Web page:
Be consistent at all levels of writing
I’ve read a lot of board papers lately and been reminded of the need for consistency at every level of a paper. Consistent messaging provides clarity while inconsistent messaging leads to questioning and distrust.
When your formatting, word choice and styles are consistent, no feature stands out to distract readers from your main points. When your style choices are inconsistent, readers can get sidetracked and lose concentration.
Have consistent messaging
The summary is the place to highlight the key messages, but sometimes writers ‘massage’ information in the summary to provide an upbeat message, creating a disconnect when you read the body, which isn’t as positive.
For instance, I read a summary that gave a glowing report of the company’s performance, but in the body, I discovered that the last few months had been difficult. Why wasn’t this acknowledged in the summary?
Provide consistent data and commentary
Inconsistent messaging often occurs between a table of data within a paper or appendix and the commentary. This is probably caused by the data being gathered from multiple sources.
For instance, some items in a data table may show a green status, but the commentary speaks about what is being done to manage issues of concern. The commentary may be written by the author and be more up to date, but how do directors know which information to trust?
Use a purpose statement consistently
I don’t see many templates with purpose statements anymore. Most now start with a recommendation (sometimes called a ‘draft resolution’). But I saw an old-fashioned template recently with a purpose statement and it reminded me why I hate them.
Sometimes, the board-paper guidelines provided by your company attempt to clarify what should be in the purpose statement, but often companies don’t have guidelines or writers don’t read them. Then personal preferences prevail. For instance, one writer might use a purpose statement as an introduction, another could treat it as a summary, a third could give a reason why the board was receiving the paper (e.g. compliance requirement) and a fourth treat it as a recommendation.
In most guidelines I have read, the purpose is meant to mirror the recommendation.
Purpose: To seek approval from the Board for $X for Y.
Recommendation: That the Board approve $X for Y.
Solution: Canvass to have the purpose statement removed from the template, and if that fails, find out how your company would like you to use it.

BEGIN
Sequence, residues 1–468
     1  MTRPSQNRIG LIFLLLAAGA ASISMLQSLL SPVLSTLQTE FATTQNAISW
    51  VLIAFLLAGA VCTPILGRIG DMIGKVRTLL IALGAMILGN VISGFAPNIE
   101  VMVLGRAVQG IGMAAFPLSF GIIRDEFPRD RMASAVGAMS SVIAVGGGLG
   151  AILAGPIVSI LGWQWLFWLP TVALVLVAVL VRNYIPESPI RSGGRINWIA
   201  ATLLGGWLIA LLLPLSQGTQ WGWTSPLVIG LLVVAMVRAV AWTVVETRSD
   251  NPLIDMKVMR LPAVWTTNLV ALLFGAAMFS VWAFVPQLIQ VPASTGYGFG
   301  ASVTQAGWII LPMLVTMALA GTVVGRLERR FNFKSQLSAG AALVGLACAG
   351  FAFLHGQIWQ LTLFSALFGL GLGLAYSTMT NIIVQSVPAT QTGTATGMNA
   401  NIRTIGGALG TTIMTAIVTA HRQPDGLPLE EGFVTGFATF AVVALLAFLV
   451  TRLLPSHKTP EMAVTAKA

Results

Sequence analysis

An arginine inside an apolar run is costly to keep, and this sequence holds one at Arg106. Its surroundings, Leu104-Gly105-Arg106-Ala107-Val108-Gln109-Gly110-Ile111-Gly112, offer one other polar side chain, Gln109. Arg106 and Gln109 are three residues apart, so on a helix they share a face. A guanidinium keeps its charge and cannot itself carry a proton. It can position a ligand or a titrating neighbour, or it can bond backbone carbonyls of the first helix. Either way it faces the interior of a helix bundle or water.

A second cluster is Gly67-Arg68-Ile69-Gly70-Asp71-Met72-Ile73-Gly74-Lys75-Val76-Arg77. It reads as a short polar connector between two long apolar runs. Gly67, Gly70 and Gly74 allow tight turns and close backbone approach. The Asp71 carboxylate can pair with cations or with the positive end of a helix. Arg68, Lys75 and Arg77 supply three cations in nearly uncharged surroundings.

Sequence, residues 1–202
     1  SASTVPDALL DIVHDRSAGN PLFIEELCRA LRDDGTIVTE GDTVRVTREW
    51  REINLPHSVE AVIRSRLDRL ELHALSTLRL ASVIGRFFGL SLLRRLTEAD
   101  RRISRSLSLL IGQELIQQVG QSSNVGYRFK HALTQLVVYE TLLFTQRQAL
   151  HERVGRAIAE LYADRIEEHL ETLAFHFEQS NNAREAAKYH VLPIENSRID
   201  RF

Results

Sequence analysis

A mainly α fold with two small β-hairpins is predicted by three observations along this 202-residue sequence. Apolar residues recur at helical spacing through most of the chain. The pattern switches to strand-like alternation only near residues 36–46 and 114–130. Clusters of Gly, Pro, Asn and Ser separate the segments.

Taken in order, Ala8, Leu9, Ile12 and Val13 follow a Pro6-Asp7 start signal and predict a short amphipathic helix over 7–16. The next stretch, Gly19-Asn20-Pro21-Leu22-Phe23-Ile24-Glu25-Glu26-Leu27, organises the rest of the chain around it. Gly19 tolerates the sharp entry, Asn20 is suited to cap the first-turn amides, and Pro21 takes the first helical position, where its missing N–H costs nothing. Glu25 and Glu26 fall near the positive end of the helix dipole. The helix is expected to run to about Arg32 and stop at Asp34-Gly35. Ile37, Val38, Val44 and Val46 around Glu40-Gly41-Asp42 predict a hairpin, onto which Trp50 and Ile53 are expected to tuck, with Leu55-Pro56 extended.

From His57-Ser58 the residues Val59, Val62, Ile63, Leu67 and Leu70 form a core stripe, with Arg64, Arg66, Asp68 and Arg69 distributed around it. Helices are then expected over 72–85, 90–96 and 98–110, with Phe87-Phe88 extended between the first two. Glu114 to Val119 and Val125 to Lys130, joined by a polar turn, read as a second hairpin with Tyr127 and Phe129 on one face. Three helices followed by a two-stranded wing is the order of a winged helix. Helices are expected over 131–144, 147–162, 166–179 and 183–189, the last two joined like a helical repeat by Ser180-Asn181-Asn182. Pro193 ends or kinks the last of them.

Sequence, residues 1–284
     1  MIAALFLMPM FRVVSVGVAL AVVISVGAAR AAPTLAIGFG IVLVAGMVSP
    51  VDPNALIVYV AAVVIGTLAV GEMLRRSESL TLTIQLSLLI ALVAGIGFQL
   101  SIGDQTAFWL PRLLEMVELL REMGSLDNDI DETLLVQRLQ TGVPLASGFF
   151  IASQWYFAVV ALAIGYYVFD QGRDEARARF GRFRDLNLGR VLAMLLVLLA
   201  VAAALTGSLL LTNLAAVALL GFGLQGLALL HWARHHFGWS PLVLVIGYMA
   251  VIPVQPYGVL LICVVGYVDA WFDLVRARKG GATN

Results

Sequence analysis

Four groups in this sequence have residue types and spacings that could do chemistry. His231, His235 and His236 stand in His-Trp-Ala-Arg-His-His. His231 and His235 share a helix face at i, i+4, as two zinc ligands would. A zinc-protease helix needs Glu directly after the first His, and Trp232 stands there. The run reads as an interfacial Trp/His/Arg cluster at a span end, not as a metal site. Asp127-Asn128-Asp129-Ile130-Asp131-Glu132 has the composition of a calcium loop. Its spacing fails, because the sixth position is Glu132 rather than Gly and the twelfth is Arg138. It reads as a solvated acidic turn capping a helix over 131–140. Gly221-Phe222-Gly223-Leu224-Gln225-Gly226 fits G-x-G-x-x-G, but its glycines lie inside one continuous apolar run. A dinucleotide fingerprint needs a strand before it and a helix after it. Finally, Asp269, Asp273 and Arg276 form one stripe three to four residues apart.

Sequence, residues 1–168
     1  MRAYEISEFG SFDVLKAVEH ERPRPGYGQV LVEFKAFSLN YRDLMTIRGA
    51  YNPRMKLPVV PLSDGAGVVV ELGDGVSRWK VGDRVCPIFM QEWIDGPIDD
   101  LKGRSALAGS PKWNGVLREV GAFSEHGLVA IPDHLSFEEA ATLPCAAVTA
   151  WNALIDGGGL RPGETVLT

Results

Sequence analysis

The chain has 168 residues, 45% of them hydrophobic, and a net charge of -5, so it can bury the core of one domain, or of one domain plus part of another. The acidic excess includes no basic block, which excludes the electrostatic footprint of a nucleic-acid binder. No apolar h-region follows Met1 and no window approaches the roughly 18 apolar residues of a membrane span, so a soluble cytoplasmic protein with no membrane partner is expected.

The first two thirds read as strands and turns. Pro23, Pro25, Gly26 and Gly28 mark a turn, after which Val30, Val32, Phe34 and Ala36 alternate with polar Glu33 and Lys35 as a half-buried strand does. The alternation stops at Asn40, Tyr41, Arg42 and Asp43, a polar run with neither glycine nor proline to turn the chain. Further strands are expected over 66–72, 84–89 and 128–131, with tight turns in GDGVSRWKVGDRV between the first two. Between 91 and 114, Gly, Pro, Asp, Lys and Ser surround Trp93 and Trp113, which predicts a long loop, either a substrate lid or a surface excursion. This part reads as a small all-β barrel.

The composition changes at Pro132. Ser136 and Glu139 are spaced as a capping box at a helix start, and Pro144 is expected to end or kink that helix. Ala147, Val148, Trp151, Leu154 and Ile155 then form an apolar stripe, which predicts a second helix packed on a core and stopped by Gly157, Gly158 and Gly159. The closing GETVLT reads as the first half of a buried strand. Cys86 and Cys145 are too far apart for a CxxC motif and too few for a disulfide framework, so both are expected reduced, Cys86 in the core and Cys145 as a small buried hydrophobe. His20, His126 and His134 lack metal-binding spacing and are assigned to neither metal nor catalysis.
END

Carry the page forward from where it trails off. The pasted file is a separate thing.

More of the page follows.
Use consistent styles for recommendations
While the content of recommendations is obviously more important than styles, you wouldn’t think it would be hard for everyone to use the same styles. But it is.
I see all of the following styles:
- It is recommended that the Board resolve to approve…
- It is recommended that the Board approve…
- That the Board approve…
- That the Committee endorse for Board approval…
- That the Committee recommend to the Board to approve…
- That the Board note this paper.
- That the Board note that… (summary of main points)
Don’t change your template
Templates help provide consistency, and you should not change them. The major headings are usually mandatory, but you can add your own subheadings. Even though I hate purpose statements, I would write one if the template required it.
Your template should dictate your fonts and other formatting, such as heading styles and whether a page is full justified or left-aligned and right-ragged.
Ideally, the whole board pack should have a consistent look and feel. However, many writers change the template to suit their personal style. For instance, I see headings that are bold, italics or underlined.
Use consistent words
Changing first-choice words for the sake of variety can cause confusion. I read one paper that talked about ‘X process’ in the title, then asked the board to note ‘X program’ in the recommendation.
In another paper, the key terms were defined and then referred to with different words in the following commentary.
Use consistent styles
Consistent styles are obviously not as important as consistent messaging, but inconsistent styles are distracting. They indicate that either the author hasn’t paid enough attention to detail or the paper was written or edited by a number of people with different preferences.
Some of the inconsistencies I find annoying are:
- Dates written in different styles (5 July, 5th July)
- Money written about in different styles ($5M, $5m, $5 million)
- Financial years written about differently (FY20, FY19-20, FY19 – FY20)
- Hyphens used inconsistently even within a section (year-end, year end, yearend)
- Different list styles (semicolons, commas, no punctuation etc.)
- Company names treated as singular and plural (Westpac is, Westpac are)
Solution: Have a two-page board-paper style guide that everyone uses.
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